3. M&M argued that the hockey stick relied for its shape on the inclusion of a small set of invalid proxy data (called bristlecone, or “strip-bark” records). If they are removed, the conclusion that the 20th century is unusually warm compared to the pre-1450 interval is reversed. Hence the conclusion of unique late 20th century warmth is not robust—in other word it does not hold up under minor variations in data or methods. The NAS panel agreed, saying Mann’s results are “strongly dependent” on the strip-bark data (pp. 106-107), and they went further, warning that strip-bark data should not be used in this type of research (p. 50).

      4. The NAS said ” Mann et al. used a type of principal component analysis that tends to bias the shape of the reconstructions”, i.e. produce hockey sticks from baseball statistics, telephone book numbers, and monte carlo random numbers.

      5. The NAS said Mann downplayed the “uncertainties of the published reconstructions…Even less confidence can be placed in the original conclusions by Mann et al. (1999) that ‘the 1990s are likely the warmest decade, and 1998 the warmest year, in at least a millennium.’

      Mann never mentions that a subsequent House Energy and Commerce Committee report chaired by Edward Wegman totally destroyed the credibility of the ‘hockey stick’ and devastatingly ripped apart Mann’s methodology as ‘bad mathematics’. Furthermore, when Gerald North, the chairman of the NAS panel — which Mann claims ‘vindicated him’ – was asked at the House Committee hearings whether or not they agreed with Wegman’s harsh criticisms, he said they did:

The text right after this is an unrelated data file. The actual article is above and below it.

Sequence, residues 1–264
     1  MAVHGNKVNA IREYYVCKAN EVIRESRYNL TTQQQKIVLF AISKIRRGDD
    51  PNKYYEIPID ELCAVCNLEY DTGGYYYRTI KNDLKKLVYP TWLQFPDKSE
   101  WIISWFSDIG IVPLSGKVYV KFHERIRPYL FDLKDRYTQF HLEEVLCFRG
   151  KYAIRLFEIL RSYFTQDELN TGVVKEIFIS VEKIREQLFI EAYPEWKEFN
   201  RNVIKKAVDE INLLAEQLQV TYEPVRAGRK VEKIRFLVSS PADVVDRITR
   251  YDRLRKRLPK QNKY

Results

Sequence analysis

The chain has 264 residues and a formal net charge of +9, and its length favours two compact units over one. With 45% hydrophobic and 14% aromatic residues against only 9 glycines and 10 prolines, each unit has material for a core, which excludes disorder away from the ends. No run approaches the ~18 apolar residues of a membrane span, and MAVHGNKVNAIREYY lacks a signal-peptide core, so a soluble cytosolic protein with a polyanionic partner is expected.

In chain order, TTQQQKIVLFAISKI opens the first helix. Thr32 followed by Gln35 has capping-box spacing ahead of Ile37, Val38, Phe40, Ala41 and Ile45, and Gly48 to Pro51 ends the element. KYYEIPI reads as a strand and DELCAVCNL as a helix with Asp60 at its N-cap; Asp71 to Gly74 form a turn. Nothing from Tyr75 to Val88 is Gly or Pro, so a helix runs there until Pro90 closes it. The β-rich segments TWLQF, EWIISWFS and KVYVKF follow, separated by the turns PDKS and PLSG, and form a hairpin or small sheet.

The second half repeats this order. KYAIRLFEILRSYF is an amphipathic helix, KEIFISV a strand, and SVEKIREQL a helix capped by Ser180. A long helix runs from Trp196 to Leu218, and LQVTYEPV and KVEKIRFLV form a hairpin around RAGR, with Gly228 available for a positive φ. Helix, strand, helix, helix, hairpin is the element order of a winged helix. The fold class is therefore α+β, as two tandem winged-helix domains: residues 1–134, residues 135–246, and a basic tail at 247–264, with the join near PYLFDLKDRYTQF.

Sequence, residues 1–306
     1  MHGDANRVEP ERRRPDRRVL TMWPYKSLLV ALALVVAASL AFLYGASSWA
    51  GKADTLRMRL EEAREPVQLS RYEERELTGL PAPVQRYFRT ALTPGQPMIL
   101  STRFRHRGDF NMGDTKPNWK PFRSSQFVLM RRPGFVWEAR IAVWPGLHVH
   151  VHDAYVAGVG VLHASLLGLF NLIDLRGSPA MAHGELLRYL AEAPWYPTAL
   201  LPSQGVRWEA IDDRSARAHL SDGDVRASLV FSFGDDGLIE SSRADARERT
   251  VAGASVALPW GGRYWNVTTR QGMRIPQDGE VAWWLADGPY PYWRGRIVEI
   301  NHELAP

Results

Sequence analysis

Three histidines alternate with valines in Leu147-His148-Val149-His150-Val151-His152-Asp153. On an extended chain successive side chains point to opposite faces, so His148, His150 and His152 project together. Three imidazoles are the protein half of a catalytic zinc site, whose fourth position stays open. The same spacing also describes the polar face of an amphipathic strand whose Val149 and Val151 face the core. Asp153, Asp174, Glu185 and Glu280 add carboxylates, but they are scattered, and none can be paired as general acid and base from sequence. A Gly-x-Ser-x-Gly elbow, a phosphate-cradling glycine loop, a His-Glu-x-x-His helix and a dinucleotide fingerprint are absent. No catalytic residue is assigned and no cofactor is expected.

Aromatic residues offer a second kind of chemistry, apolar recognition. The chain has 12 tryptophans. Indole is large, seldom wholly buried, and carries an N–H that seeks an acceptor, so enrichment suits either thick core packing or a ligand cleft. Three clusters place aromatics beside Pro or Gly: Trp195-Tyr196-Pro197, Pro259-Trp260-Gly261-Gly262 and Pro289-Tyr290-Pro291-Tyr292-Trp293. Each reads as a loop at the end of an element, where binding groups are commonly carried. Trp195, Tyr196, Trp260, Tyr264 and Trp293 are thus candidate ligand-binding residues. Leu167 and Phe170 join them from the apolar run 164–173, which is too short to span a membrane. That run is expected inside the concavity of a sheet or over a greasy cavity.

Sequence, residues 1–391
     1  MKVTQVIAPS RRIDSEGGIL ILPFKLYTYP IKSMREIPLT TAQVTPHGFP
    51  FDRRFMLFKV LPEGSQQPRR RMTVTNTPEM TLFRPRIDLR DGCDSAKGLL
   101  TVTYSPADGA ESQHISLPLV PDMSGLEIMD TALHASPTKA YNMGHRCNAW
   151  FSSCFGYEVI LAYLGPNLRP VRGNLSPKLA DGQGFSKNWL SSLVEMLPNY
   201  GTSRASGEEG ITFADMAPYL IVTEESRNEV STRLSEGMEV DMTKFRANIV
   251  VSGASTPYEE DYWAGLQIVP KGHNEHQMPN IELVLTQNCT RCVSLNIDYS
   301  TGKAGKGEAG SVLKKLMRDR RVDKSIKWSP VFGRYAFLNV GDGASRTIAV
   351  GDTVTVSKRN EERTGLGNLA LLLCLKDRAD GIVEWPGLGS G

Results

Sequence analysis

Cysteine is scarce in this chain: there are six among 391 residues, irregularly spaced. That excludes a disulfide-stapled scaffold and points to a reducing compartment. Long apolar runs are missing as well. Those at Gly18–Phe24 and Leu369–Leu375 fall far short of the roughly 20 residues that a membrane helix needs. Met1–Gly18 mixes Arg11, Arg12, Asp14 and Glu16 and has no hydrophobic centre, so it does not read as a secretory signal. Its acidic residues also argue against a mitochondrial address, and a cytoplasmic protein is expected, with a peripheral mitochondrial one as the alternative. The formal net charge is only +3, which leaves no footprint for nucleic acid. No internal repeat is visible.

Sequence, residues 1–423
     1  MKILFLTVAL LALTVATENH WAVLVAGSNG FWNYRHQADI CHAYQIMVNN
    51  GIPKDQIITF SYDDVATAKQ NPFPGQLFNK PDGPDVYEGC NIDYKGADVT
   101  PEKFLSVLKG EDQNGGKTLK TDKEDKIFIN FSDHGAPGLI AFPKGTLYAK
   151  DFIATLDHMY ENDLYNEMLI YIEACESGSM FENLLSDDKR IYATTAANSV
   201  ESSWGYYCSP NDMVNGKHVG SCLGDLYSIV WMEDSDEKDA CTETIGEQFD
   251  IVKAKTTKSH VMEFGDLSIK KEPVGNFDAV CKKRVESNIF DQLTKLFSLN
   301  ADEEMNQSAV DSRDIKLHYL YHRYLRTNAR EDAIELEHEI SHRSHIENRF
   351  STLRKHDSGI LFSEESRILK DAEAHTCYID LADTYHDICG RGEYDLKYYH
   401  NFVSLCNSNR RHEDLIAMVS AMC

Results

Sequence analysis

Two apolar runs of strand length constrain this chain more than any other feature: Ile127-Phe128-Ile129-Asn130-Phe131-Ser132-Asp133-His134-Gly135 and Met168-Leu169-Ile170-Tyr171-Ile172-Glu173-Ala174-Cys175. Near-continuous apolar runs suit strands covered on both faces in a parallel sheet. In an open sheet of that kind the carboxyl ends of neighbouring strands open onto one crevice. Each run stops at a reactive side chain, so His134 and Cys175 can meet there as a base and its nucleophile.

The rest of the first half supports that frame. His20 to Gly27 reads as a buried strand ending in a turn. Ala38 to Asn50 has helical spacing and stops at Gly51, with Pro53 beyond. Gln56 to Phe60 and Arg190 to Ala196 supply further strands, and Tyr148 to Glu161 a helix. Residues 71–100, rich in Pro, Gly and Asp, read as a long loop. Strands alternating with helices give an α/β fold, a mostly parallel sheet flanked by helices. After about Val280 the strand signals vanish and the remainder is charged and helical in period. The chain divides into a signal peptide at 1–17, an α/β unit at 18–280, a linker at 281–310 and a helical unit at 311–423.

CHAIRMAN BARTON: Dr. North, do you dispute the conclusions or the methodology of Dr. Wegman’s report?
      DR. NORTH [Head of the NAS panel]: No, we don’t. We don’t disagree with their criticism. In fact, pretty much the same thing is said in our report.
      DR. BLOOMFIELD [Head of the Royal Statistical Society]: Our committee reviewed the methodology used by Dr. Mann and his co-workers and we felt that some of the choices they made were inappropriate. We had much the same misgivings about his work that was documented at much greater length by Dr. Wegman.
      WALLACE [of the American Statistical Association]: ‘the two reports [Wegman’s and NAS] were complementary, and to the extent that they overlapped, the conclusions were quite consistent.’

      As for “Flat Earthers”. They support the idea of Mann made globull warming.

      It’s the Climate Models that view the /earth as flat.